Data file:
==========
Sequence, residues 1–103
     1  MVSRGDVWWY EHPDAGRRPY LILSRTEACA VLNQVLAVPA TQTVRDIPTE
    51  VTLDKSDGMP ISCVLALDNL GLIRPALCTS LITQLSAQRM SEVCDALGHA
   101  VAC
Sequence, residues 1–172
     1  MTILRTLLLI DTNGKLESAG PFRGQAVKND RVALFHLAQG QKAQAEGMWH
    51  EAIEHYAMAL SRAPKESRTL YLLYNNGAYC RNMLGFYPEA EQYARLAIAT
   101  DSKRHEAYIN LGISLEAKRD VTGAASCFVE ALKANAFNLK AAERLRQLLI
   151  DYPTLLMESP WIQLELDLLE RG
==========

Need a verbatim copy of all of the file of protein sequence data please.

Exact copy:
Sequence, residues 1–103
     1  MVSRGDVWWY EHPDAGRRPY LILSRTEACA VLNQVLAVPA TQTVRDIPTE
    51  VTLDKSDGMP ISCVLALDNL GLIRPALCTS LITQLSAQRM SEVCDALGHA
   101  VAC
Sequence, residues 1–172
     1  MTILRTLLLI DTNGKLESAG PFRGQAVKND RVALFHLAQG QKAQAEGMWH
    51  EAIEHYAMAL SRAPKESRTL YLLYNNGAYC RNMLGFYPEA EQYARLAIAT
   101  DSKRHEAYIN LGISLEAKRD VTGAASCFVE ALKANAFNLK AAERLRQLLI
   151  DYPTLLMESP WIQLELDLLE RG